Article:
by Paul Esterle
Here are some sure-fire ways of telling that it’s springtime in the boatyard…
1. Cars begin driving up and down the lanes between the boats (have they forgotten where their boat is?)
2. Cars are starting to park in the empty spaces and their occupants can be seen walking between boats (still looking for their boat?)
3. Ladders begin to appear propped up against boats.
4. More and more of the zippered doors in shrink-wrapped boats are open and have one of the above mentioned ladders next to it.
5. Tarps begin to show signs of being loosened and hastily retied.
6. Traffic at the local marine stores begins to pick up. Shoppers are seen leaving the bottom paint section with glazed looks on their faces.
7. Marinas stop answering the phone after the hundredth call that day asking about open slips.
8. Boat owners who couldn’t get through to their marinas stop by to see how soon they can schedule their splash date (do they remember first in—last out?)
9. Extension cords start to snake through the boatyard to the closest electrical outlet. Those who forgot to coil up their extension cord last fall discover what a snow plow does to a cord lying on the ground.
10. Boat catalogs start appearing on the end table or in the bathroom.
11. Boaters start asking each other “What’s the best bottom paint?” or “What wax do you use?”
12. Boat owners suddenly realize that all that woodwork they took off the boat last fall for varnishing is still in the basement, unvarnished.
13. Those that did do their varnishing during the winter are now busy looking for the boat keys they last saw in the fall.
14. Spouses realize they are running out of time to get the “honey-do” list finished before the boating season starts.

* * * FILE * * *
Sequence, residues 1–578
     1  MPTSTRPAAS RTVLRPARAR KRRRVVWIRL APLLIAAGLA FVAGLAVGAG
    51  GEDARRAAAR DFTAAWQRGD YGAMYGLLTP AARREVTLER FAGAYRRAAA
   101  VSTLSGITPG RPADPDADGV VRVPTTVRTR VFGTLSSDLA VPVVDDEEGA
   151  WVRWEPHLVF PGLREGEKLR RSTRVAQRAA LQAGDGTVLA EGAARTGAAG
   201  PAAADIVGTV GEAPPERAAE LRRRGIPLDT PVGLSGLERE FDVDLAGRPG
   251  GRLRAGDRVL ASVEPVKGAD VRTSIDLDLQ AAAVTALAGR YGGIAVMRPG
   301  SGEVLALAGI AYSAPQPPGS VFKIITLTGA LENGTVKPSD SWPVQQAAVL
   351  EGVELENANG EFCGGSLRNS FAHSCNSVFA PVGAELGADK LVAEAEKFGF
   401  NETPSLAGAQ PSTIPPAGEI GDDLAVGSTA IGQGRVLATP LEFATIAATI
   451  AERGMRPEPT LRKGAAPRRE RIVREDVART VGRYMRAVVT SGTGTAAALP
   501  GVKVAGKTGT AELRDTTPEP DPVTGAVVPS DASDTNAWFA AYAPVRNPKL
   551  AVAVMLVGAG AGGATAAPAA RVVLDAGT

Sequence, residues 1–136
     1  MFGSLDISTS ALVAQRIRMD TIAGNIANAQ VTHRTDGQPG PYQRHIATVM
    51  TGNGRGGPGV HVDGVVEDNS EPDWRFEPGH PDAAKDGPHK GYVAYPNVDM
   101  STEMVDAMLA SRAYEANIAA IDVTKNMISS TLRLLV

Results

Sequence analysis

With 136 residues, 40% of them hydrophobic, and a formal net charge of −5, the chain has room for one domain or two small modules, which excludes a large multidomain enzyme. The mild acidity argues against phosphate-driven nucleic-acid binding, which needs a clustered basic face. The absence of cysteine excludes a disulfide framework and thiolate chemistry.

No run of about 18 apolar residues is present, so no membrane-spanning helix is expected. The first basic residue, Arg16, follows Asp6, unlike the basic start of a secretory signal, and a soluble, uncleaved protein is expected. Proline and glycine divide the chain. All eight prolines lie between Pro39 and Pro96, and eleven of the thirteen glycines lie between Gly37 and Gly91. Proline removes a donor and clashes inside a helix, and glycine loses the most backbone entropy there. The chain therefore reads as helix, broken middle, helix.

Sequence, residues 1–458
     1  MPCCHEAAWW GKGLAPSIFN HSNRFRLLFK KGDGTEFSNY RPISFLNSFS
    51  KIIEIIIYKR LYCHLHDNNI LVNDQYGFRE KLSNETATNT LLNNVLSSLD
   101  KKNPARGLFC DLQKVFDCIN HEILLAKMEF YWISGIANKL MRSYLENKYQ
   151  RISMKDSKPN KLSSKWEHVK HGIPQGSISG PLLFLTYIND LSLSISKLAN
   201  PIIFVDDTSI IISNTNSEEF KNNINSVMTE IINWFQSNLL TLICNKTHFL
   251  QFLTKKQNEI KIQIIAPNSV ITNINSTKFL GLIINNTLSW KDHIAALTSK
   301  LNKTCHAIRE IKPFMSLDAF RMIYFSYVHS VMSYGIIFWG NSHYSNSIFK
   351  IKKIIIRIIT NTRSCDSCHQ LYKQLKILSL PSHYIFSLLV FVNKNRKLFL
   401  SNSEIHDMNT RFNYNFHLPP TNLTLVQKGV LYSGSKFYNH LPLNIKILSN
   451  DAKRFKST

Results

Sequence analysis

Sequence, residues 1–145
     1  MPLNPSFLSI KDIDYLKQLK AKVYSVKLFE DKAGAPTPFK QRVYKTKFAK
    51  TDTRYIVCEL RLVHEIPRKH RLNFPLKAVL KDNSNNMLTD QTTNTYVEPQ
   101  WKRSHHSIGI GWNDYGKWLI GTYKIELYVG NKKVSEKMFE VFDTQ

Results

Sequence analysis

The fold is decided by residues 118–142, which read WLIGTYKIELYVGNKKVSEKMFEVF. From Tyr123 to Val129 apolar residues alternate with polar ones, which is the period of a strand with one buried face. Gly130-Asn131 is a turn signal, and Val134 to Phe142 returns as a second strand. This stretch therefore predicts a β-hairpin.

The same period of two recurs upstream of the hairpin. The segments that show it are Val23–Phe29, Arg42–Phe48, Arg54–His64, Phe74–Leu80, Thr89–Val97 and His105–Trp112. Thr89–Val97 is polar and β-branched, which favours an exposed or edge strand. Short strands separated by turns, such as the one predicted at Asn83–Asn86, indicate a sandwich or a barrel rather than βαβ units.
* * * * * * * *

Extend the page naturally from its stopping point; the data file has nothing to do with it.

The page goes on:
15. Charts and cruising guides clutter the dining room table, with note pads full of latitudes and longitudes nearby.
16. DVD’s of “Wind”, “Captain Ron” and “Master and Commander” start appearing in the DVD player on a regular basis.
17. The TIVO gets switched from “American Idol” to “Shipshape TV”.
18. The captain starts casually mentioning that the GPS that worked fine all last season was actually suffering from a terminal malady and will probably need replaced with the latest and greatest. (Only a couple of boat units, Honey!)
19. That rustling sound is of checks being written for slip fees.
20. That sucking sound is the sound of your money leaving your bank account.
21. More than normal attention is being paid to the weather forecasts for the weekends.
22. More and more errand trips end up at the boatyard.
23. In extreme cases, new or used boat brochures start appearing around the house, usually accompanied with statements like “Honey, you won’t believe what they’ll give us on our old boat!”
24. Sales of sandpaper, paint brushes, masking tape and wax start to peak at local stores. Non-marine oriented store managers can’t figure it out.
25. The yard workers finally take off their Carhartt’s.
26. Those same workers are trying to remember where they stored the slings for the travel lift.
27. At least half of the owners of gasoline powered boats just remembered that they forgot to add stabilizer to their gas last fall.
28. Half of those owners suddenly realize they also forgot to winterize the boat’s water system.
29. Southern boaters stop telling their northern neighbors how great the boating was this winter and start looking for a berth north of the hurricane zone to satisfy their insurance company.
30. Nor’easter starts publishing two issues a month instead of the winter once a month schedule.
31. Propellers dinged last fall will suddenly start appearing at prop shops for repair. The owners of those props can’t understand why the turn-around time quoted at the end of last season no longer applies.
32. Ditto for canvas shops, fiberglass repair shops and outboard repair shops.
33. The ice has all melted in the marinas, pilings are being repaired and docks are being prepped to put back in place.
All these are all signs that spring is just about here in the boatyard. Now where did I put those boat keys?